The new site also features an easy-to-use Start page that can be personalized and offers a wealth of information just a click away. A Search button is prominently displayed on the page. Developer News items are featured at the top of the Start page, which also includes a Member Community listing of case studies, books, and OSIG meetings; an Events & Training section for classes and other events; a Support section for frequently asked questions and Knowledge Base articles about various technologies, and an area for a user's personal links.

The MSDN Online Library will be combined with the SBN Workshop for a repository of articles, research studies, and other information totaling more than 250,000 Web pages. But that integration won't begin until after the March 29 launch, according to Norvin Leach, MSDN managing editor. Until then, the SBN Workshop will remain separate but will be renamed the Web Workshop, he said.


Leach and his SBN counterpart, Tom O'Connor, have joined forces to produce a Web site they believe will delight the developer audience-whether they develop for Web or Windows.

"The developer audience is incredibly smart," O'Connor said. "MSDN evangelizes Microsoft tools, but the best way to win the hearts and minds of developers is to provide honest and accurate information-for an entire Web application or a stand-alone desktop application. We will acknowledge tools that have limitations or may not be cross-platform."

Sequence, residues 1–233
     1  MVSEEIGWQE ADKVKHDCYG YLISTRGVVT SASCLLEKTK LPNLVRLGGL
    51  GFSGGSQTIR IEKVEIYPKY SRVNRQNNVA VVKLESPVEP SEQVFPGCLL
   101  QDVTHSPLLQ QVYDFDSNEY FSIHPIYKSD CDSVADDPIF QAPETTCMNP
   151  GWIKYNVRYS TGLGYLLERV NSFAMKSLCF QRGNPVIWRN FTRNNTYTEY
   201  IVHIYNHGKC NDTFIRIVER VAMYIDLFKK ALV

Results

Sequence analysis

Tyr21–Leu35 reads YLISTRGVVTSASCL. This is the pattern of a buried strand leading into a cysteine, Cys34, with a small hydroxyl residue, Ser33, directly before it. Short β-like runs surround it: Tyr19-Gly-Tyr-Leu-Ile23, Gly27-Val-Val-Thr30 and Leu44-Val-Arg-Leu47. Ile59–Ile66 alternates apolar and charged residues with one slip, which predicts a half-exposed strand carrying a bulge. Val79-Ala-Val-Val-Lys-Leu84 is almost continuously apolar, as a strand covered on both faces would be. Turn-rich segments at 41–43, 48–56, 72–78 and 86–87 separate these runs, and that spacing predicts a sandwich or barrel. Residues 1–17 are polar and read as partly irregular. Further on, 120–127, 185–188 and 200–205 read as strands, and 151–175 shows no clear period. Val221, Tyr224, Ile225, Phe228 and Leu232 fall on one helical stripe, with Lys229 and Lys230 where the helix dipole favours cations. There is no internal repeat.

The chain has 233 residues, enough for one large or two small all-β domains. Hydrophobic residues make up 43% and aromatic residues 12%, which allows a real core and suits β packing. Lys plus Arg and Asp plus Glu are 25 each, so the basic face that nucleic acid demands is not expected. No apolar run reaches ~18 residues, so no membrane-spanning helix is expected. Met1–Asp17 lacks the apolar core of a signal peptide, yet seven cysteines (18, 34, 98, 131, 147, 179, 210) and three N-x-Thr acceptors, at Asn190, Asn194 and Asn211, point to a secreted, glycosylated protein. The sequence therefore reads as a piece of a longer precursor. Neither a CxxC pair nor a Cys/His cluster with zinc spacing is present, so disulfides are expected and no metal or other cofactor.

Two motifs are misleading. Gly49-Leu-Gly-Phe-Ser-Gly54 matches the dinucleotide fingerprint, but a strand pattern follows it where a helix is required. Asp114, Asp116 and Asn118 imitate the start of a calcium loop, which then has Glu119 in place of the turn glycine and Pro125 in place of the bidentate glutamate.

"We will also use MSDN articles to explain, in certain situations, why our developers made the choices or decisions that they made," Leach added. "Developers count on us to avoid marketing-speak and give them good, hard information they can use."

More Information Sources


FAQ Articles DirectX Plus98! Downloads Drivers News Archive
Home, Links, Awards, Help, Map, Poll, Newsgroups, Online Chat, Mailing List, Search
Tips & Tricks Guides Bugs & Fixes Themes Reviews Site Contents ActiveIE

HR Line

Copyright (C) 1998-1999 The Active Network. All rights reserved.
Please click here for full terms of use and restrictions.